Ultra 7

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A&E (ended 1968)

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ryuuseipro

User Score: 161

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Ultra 7 Fan Reviews (2)

6.6
out of 10
Average
19 votes
  • The crowning achievement of the Ultra Series

    10
    If I was asked who my favorite superhero was, it'd be Ultra Seven.

    We know "Ultra Q" and "Ultraman" are tokusatsu sci-fi TV classics in Japan, but the very peak of Tsuburaya Productions' Ultra Series was reached with "Ultra Seven," which Japanese fans have, to this day, hailed as the all-time best Ultra Series, and for good reason! It is basically the "Star Trek" of Japan (long before shows like "Space Battleship Yamato")! Even underneath the wild battles between the red & silver alien from M78 and his alien foes, this is a very serious and thought-provoking sci-fi drama. Especially in the human scenes, with our protagonists, the Ultra Garrison. This is a very different series from its aforementioned two predecessors, in that this is a very serious sci-fi drama. Later Ultra Series like "Ultraman Tiga" and the more grown-up "Ultraman Nexus" would duplicate this formula.

    Seven himself is different from Ultraman (who is a mysterious godlike being), as he's become the archetype for the high-tech Japanese superhero. His powers/weapons are incredible (who *doesn't* love his flying boomerang-like Eyeslugger weapon?)! But underneath his cool exterior, he has even more heart, personality and depth than his famous predecessor. And the transformation from Dan Moroboshi (Kouji Moritsugu) to Ultra Seven, each time he puts on the "Ultra Eye" glasses, is without a doubt my favorite Japanese superhero transformation *ever*.

    The Ultra Garrison's not half-bad either! The team uniforms (helmets, jumpsuits and rayguns) are memorable (so much that some other Ultra Series would copy them, like the 1979 anime series "The Ultraman"). And the mecha is awesome! I really love the Ultra Hawk, which splits into three different jet vehicles ("Ultraman Dyna" had something like this, too)! Of course, just like in "Ultraman," the team members have similar personalities, but Dan Moroboshi (Seven's human alter-ego) is a different person from "Ultraman"'s Hayata. He's still a tough member, but he's also very considerate. And even in human form, he's well equipped to fight alien invaders, from having X-ray vision/telepathy to being equipped with miniature "Capsule Monsters" (Windom, Miclas and Agira), which are like tiny capsules that, when thrown like a grenade, explodes and transforms into a giant monster (and Dan can call it back into a capsule any time). I wonder which two anime series did *this* later on . . . ;)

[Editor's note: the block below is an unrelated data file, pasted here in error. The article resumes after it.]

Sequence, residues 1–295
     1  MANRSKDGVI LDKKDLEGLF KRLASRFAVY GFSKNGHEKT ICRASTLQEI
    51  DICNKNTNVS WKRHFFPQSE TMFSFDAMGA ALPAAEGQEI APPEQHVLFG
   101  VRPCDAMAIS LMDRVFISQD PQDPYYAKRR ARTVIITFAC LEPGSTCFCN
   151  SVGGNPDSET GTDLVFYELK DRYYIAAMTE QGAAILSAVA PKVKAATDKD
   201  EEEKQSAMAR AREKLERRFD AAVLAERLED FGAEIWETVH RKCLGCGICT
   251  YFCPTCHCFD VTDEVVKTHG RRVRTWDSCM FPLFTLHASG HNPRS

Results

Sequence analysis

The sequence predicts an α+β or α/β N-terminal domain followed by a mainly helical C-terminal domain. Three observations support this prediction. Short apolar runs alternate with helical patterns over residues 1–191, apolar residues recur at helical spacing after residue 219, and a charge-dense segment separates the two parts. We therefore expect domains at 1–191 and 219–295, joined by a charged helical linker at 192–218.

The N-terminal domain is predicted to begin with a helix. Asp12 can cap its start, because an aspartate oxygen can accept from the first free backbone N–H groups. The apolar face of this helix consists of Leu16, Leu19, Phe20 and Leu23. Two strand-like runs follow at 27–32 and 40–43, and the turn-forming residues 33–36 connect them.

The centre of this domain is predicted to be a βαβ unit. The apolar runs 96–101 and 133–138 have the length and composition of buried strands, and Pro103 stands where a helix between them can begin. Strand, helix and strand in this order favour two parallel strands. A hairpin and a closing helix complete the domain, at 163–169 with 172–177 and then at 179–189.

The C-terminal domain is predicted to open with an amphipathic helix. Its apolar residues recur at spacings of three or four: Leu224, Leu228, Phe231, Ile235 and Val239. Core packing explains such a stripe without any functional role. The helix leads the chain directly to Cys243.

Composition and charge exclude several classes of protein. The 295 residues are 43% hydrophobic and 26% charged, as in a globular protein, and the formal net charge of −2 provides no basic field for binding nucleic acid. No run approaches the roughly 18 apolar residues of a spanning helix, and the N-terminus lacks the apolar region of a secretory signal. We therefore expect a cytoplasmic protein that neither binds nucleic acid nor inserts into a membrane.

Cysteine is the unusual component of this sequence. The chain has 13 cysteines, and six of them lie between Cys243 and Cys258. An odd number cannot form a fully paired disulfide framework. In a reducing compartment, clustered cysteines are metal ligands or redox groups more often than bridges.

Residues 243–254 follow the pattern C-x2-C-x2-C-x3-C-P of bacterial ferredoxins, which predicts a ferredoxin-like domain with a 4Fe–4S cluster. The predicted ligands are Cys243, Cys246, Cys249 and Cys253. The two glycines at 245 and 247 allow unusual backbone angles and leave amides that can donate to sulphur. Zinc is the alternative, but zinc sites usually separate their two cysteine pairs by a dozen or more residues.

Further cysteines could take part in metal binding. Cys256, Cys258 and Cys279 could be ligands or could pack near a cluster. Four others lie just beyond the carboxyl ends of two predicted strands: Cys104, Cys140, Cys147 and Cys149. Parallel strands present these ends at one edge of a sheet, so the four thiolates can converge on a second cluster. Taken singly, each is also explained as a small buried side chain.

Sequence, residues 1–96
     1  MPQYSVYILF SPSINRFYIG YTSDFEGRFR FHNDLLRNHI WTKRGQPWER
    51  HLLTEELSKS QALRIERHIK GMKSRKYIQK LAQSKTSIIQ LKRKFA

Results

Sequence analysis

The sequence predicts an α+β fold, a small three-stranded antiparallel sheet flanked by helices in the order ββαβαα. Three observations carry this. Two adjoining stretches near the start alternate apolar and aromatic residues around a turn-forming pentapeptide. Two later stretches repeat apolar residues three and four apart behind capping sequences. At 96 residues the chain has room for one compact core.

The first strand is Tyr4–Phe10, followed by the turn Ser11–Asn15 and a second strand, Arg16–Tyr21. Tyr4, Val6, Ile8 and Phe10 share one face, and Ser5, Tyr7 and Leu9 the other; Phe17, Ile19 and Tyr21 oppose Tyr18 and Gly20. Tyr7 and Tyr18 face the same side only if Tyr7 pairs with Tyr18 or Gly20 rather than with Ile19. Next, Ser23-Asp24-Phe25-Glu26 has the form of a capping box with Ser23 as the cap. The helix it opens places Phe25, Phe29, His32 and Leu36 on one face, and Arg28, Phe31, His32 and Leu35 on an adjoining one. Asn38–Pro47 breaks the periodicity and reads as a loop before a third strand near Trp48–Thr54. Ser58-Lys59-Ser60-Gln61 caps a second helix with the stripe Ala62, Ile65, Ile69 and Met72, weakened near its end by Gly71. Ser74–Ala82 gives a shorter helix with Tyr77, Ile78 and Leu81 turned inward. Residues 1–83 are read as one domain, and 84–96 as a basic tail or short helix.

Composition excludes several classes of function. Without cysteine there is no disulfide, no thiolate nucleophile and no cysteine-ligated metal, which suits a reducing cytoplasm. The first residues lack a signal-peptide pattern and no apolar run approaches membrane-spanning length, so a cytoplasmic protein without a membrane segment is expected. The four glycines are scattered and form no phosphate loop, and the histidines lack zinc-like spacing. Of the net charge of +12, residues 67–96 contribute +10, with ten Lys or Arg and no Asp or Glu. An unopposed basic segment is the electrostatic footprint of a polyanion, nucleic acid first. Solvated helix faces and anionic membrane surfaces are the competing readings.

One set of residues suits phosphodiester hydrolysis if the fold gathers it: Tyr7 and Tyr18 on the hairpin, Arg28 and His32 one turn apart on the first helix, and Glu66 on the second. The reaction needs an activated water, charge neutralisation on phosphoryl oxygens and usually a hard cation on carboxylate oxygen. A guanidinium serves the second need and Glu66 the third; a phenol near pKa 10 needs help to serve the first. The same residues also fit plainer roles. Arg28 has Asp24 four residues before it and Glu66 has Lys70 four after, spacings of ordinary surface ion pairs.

And, of course, there's the bizarre and imaginative alien & space monster threats! Some of my favorites include Eleking (a fan-favorite), Dankan, the Guts-Seijin and Seven's final foe, Pandon!

    Sadly, this was also the final Ultra Series by creator Eiji Tsuburaya, who originally wanted this to be the final Ultra Series. Due to this series' unbelievable popularity, a new Ultra Series was planned in late 1969 ("Ultraman Continues"), but Eiji died (in 1970) before any production began. The said project later became "Return of Ultraman" in 1971, when Eiji's first son Hajime Tsuburaya took over the studio (until his death in 1973).

    This series was originally seen in the US in Hawaii in 1975 (the dub of which is now lost, but two episodes still remain), and on TNT in 1994 (from a comically-dubbed 1985 dub from Cinar in Canada), but "Ultra Seven" is a series that truly deserves the same revisiting as "Ultra Q" and "Ultraman" in the US.
  • A Funky Superhero

    8.8
    Ultra-7 was a great series even for kids back when it re-showed in the 90's on TNT. The battles were exciting and adults that had watched Ultraman back in the 60s would have a fond nostalgia trip when they saw it again. Ultraman fought many monsters and unlike the Power Rangers didn't win all of his battles. It provided a sense of realism that even heroes can't do things by themselves. Good show for kids
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